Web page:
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Drawing Conclusions Teacher Resources
Find Drawing Conclusions educational ideas and activities
Fifth graders look at how sunscreen works and track weather and UV index. In this health lesson, the teacher demonstrates how sunscreen works, then explains the concept of solar noon and how the sun's rays can burn skin. Students choose a city to gather information and weather data about and draw conclusions from the data, then read an "interview" with the sun and complete a quiz.
“. . . one man in his time plays many parts,/His acts being seven ages.” Jaques famous speech from Act II, scene vii of As you Like It sets the stage for an examination of the roles people play. Class members not only consider the roles played and masks worn by various characters in Shakespeare’s plays, but are also encouraged to examine their own. A variety of activities are included to enable learners to make text-to-self and text-to-world connections. “And so (we) play (our) part.”
Help youngsters make connections between two different texts. They read two stories about the same character, Ira Sleeps Over and Ira Says Goodbye. They discuss how the character of Ira acts in each of the stories, how he is the same or different. Note: While the lesson is aligned to the common core it may take a little work to fit the standard exactly.
Fifth graders review and summarize the elements of fiction within and across texts. They examine how the evidence found in a text can be cited to support key information and to support conclusions made within and across texts. A very well-thought-out instructional activity.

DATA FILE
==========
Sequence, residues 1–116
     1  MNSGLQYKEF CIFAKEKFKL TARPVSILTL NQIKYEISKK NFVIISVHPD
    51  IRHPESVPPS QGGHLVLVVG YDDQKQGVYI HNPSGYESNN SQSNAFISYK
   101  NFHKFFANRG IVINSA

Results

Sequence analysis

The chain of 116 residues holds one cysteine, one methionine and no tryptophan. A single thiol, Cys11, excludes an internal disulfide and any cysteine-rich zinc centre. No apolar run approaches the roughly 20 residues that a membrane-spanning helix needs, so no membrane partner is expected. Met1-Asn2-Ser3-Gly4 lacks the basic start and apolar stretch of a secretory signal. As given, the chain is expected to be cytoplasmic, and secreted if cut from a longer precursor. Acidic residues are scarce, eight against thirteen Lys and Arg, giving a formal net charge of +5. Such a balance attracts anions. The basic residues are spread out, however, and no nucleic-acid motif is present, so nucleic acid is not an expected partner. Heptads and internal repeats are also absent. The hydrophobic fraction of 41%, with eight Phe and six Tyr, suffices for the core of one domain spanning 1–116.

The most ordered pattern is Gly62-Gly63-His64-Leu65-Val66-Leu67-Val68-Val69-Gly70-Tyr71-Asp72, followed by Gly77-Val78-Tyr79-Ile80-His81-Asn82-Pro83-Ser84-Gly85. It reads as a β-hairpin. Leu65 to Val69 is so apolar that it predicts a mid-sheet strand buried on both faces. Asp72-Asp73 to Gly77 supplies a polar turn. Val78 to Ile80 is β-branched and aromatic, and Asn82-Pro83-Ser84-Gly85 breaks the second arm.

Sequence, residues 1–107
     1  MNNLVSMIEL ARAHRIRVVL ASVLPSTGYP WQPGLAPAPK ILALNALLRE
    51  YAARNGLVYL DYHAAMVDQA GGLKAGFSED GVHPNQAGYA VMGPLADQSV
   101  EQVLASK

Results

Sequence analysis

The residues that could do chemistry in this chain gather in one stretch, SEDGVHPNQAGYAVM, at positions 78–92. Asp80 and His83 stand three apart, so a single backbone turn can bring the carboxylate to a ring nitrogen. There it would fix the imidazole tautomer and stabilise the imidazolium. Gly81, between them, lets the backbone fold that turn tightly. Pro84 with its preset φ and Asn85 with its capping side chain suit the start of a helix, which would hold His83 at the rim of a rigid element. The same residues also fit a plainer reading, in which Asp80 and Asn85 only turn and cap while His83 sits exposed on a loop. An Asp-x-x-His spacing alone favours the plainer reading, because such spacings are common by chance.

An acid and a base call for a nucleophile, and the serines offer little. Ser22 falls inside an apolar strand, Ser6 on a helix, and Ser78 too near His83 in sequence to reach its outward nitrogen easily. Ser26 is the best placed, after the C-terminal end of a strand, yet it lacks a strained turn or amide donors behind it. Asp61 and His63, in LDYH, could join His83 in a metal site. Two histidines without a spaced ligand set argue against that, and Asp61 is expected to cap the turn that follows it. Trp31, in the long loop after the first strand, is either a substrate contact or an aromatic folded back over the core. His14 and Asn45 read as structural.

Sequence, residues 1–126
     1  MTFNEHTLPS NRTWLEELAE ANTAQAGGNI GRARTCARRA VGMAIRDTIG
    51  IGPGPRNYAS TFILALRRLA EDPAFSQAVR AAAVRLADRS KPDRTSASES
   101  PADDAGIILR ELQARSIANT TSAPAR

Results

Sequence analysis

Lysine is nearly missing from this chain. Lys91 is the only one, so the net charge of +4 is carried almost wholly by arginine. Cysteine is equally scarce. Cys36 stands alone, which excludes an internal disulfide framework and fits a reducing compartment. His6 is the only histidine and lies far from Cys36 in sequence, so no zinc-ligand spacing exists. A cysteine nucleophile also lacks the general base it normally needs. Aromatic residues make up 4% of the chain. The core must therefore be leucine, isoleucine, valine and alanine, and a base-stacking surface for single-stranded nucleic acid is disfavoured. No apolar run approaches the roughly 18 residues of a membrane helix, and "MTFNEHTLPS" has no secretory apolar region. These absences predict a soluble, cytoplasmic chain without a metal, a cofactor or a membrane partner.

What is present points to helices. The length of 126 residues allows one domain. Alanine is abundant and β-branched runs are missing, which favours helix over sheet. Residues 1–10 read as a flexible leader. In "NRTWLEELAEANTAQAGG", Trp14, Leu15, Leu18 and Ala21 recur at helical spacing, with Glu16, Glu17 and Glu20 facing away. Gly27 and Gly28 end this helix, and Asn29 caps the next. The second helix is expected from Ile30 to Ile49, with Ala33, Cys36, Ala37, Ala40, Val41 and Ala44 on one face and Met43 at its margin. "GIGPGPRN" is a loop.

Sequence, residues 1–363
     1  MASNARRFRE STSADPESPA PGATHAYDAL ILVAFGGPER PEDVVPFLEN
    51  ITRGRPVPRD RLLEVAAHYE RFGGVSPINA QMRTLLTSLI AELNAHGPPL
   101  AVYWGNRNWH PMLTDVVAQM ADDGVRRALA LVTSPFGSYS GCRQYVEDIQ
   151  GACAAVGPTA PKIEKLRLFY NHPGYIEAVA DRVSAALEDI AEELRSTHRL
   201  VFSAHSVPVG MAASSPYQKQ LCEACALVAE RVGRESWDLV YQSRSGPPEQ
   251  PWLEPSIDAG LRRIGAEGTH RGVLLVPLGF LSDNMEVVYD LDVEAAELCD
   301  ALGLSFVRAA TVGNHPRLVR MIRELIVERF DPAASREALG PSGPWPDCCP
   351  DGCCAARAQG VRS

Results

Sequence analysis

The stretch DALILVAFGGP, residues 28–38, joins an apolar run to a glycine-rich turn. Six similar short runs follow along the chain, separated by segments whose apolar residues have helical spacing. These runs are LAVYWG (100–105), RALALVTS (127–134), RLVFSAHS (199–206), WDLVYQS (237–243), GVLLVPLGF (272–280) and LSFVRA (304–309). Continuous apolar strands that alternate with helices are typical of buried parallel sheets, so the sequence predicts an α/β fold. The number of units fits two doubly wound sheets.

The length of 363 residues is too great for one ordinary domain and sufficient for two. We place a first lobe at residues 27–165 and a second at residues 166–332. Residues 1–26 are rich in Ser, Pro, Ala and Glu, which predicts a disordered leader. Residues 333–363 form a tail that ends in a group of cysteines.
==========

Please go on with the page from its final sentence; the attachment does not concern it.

Sixth graders review organizational elements of informational text to locate important ideas. They enhance their skills by writing a simple citation, and evaluate one another's summaries for effectiveness. Several worksheets are included to help your writers create their summary, but the Transition Words and Phrases page is especially helpful. Dozens of transition words are provided for your young learners to select and experiment with.
Explore non-fiction comprehension strategies with your class. They will visualize daily activities and label a 4 circle Venn diagram with related phrases. They must identify the overlapping sections as "main ideas," then complete a similar Venn diagram while reading Roughing it on the Oregon Trail. Additionally, they must be able to compare and contrast, draw conclusions, and determine cause and effect.
Students read the book The Whisperer and discuss the book's relationship to the story of Romeo and Juliet. In this teaching Romeo/Juliet lesson, students examine the idea of racism and prejudice as it pertains to the story. Students discuss the interpretations of the play and draw conclusions about the feud between the families in the story.
How does recognizing the author's purpose help you draw conclusions about a topic? Using two articles (both are attached), learners brainstorm why each author wrote each article. Are their purposes similar or different? Learners use a basic T-chart to collect and organize information during a class discussion.
Being a good scientist means identifying important information to support your thoughts and ideas. Learners investigate the effects of water pollution on wetland habitats by reading a series of literary and informational texts. In small groups, they read through several books, collate the information, and then present their findings through a brief oral report. A great lesson for making good readers out of your budding scientific researchers.
Students study tessellations and the work of M.C. Escher. They discuss the terminology of architecture, the historical significance of architecture in different parts of the world, and create their own piece of architecture out of cardboard boxes. Students use the video camera to save snapshots of local architecture and create a HyperStudio stack depicting images and text.
Young scholars extract and interpret information about the Torah text to draw conclusions about ancient Hebrew life. In this Torah lesson plan students research facts and complete worksheets about the Torah. Then as a class the young scholars form a book about life among the Hebrews during the time of Moses.